Saturday, October 30, 2010

1.4 One-Shot Structure

Now that we know One-Shots are unique, even from other comic books, we can begin working on one. The first thing we need to know is it can’t be complex. It needs to have just enough characters, a familiar setting, and a simple plot. If this sounds easy, it is. The reason people, even me, failed at making One-Shots in the past is because we never took a hard look at what we were doing. We either had too many characters, an alien setting, or a complex plot.

By starting with less and going from there we’ll be able to monitor what we’re doing, this is where being aware comes in, so for starters our story must fit in the proper amount of pages. The key to the One-Shot is to be able to fit everything in allocated amount of space. Failure to do so will create inconsistency which can lead to frustration and disorganization. Those problems can leave you with a good effort, but poor execution type One-Shot. We want to avoid that altogether and show some consistency in our work. So let’s begin with the page count.

That image represents the page structure we’ll use in making our One-Shot. I’ve found that 16 pages is more than enough to tell a One-Shot about anything. No matter the genre or style. As you can see some of the page numbers are connected together. Those are the pages that will be read together as the reader turns the page, I call them Pagination Areas. Remember that, because that will be one of the key elements in creating our One-Shot. The first and last page are always displayed by themselves no matter how many pages we do. However for now we’ll do 16 pages.

Now that we know how our One-Shot will be read from page to page, we have an idea of what we’ve got to work with. By putting all 16 pages together we have a perfect view of our finished product. I for one like to do this traditionally on a 14x17 inch piece of Bristol Board with the pages measuring 2.5x4 inches. I don’t leave any room for the story or dialog since I don’t know how much room I’d need for those. All dialog is written in a loose leaf notebook. But enough about that, let me explain the Pagination Areas.

The reason all other pages except 1 and 16 are unique is because they are connected in the finished product. Say we want to make a Two-Page-Spread. It will always start on an even page and end on an odd page, no matter how many pages a book is. Like 8 and 9, right in the middle of the One-Shot and a perfect place for a Two-Page-Spread. If you started on an odd page, say page 7, the reader would have to flip the page to see the rest of the image since it would end on page 8. That’s a common mistake for most amateurs, but Pagination Areas don’t just help us with Two-Page-Spreads.

Those Pagination Areas are perfect boundaries for scenes that will take place in our One-Shot. Since we only have 16 pages to work with, we should make sure none of our scenes are more than 4 pages and no less than 2. And that’s not just a 16 page max rule. It’s a rule most people try to follow when making comic books no matter how many pages there are. Why only so many pages per scene you ask? It has to do with two things. The reader’s ability to turn the page and their overall attention.

When a reader turns the page they have one of two things to expect. A continuation of the previous pages or a new scene altogether. If you put a scene change in the middle of a Pagination Area, it could throw the reader off. The reason it does this is because every time a reader turns a page, they get a glimpse of the second page of the next Pagination Area. Say you’re reading a comic book and your on page 2 and 3. You turn the page and the first thing you see is page 5. But you’re not aware of it. It’s mostly a subconscious thing. However we all do it when reading comic books. This is a trick we can use to our advantage that I’ll explain later when we get to the paneling part of this tutorial.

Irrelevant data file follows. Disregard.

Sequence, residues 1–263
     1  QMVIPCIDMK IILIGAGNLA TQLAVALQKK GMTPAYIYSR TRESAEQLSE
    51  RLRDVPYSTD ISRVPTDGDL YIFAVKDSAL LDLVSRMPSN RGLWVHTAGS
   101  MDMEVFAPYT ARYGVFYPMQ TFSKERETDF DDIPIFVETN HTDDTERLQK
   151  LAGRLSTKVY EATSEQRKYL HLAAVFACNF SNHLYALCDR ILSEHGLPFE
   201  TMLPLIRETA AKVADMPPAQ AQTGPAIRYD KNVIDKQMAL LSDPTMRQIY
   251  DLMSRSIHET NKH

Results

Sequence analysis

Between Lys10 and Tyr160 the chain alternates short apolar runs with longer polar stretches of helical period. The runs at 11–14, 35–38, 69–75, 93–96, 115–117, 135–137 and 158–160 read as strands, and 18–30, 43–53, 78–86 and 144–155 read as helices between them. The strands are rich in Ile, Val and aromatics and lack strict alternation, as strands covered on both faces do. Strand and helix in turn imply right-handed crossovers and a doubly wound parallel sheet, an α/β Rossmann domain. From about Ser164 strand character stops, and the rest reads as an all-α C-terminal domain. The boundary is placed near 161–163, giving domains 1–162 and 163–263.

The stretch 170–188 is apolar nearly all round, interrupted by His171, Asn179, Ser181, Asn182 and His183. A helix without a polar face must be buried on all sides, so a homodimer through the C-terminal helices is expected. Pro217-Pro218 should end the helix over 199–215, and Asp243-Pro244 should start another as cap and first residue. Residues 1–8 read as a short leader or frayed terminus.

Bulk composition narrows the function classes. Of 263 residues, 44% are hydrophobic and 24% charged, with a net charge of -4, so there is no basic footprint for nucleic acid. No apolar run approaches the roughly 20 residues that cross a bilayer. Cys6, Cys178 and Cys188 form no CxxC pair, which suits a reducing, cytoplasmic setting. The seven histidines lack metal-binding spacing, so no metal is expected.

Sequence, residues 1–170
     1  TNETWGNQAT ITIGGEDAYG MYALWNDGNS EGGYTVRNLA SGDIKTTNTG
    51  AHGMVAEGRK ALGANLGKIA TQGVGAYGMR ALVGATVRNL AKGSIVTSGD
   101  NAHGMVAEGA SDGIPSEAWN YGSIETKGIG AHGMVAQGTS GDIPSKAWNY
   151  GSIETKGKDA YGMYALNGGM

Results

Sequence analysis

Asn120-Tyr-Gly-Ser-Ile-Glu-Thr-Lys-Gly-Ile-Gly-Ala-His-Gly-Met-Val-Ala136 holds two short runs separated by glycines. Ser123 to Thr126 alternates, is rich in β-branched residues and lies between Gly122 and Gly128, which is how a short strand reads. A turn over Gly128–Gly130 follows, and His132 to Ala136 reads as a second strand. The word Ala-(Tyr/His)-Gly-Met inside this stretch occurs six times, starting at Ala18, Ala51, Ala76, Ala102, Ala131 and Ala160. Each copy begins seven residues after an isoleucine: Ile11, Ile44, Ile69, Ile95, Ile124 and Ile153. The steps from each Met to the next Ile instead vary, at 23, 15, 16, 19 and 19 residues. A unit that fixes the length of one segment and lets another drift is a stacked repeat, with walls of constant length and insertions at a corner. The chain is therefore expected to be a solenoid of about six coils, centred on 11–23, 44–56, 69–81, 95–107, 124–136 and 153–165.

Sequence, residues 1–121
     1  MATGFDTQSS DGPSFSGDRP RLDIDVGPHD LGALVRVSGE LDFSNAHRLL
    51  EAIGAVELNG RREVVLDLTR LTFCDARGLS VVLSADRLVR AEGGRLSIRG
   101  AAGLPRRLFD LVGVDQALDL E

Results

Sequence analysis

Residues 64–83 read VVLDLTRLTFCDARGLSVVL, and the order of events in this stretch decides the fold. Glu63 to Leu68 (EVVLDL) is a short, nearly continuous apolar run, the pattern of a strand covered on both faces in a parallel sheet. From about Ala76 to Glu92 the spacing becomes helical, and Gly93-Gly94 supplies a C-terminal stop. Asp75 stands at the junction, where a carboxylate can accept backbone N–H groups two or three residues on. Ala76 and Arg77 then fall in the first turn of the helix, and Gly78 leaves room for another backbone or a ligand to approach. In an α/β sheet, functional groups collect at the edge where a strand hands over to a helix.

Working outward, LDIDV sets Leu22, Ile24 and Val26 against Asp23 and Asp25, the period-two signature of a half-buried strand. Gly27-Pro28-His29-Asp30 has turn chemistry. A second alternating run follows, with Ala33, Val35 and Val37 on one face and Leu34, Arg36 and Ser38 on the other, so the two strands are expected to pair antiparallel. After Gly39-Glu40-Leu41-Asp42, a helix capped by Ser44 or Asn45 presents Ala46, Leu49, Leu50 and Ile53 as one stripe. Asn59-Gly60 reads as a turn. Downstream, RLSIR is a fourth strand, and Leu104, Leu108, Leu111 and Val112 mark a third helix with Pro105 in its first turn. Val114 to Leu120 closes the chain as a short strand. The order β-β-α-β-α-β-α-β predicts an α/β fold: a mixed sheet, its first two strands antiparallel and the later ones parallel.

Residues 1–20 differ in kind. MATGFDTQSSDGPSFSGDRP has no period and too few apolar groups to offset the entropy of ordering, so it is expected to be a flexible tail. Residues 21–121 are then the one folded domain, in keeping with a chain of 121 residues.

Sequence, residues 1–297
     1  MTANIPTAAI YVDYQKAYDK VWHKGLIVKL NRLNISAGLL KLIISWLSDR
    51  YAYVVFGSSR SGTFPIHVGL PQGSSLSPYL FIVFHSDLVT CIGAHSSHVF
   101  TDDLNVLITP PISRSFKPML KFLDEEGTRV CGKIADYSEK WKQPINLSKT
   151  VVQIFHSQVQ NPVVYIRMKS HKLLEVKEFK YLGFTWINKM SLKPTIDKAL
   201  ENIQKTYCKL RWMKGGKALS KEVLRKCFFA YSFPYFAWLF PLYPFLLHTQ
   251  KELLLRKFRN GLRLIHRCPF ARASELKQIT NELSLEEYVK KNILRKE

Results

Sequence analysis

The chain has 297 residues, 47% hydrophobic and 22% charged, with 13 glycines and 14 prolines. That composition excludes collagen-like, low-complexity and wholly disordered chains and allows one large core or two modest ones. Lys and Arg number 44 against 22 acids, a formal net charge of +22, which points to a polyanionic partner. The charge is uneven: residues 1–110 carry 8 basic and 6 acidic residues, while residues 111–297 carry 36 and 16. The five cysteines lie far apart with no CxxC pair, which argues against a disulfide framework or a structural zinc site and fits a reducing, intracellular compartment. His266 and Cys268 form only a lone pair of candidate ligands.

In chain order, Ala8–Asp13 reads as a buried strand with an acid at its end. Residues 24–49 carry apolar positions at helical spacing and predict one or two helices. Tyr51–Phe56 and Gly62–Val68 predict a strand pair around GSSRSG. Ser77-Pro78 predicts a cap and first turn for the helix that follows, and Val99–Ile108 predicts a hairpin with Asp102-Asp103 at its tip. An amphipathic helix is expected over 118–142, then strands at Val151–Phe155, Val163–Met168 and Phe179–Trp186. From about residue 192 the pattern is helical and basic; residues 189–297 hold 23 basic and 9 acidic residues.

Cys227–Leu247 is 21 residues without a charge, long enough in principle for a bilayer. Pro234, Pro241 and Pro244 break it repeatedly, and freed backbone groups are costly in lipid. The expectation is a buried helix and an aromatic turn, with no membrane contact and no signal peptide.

By making our scene changes even so they always end on a page turn we have started using consistency.  We also need to make sure the scenes aren’t more than 4 pages, more consistency.  This is so the reader doesn’t get bored. We could put as much action in a scene as we want too, but if it’s more than 4 pages it’s going to feel stretched out. I’ve read comic books that have had scenes last an entire issue ( Naruto ), and frankly I couldn’t tell you what all happened. I just skipped ahead to where it ended. This is the last thing you want a reader to do, so for safety’s sake, keep your scenes under 4 pages. If a best selling manga can make a reader skip ahead, then an amateur is easy pickings.

Now you could be thinking that isn’t creative. 4 pages max to a scene, 16 pages altogether, don’t start scenes in the middle of a Pagination Area, etc etc. However it’s important. What we’re doing is laying out the One-Shots structure and creating consistency on our end. Without that we could be stuck in the middle of the One-Shot. Or worse, never finish it because “ something didn’t feel right “. This is the most critical part of the process, and if we can’t properly layout 16 pages all at once then we’re not going to finish this at all.

This is an esential read. Also be sure to check out Scott's website to explore other ideas and exercises. Like the 24 hour comic.

Even if you prefer manga, this book is old school. It's full of the basics to get the ball rolling.

Even more old school. This is a must have book to learn how to create Sequential Art. Even the pros use this book.

There are a ton of How to Draw Manga Books, but this one is the complete package. It covers everything one will need to know to get started. Highly recommended.

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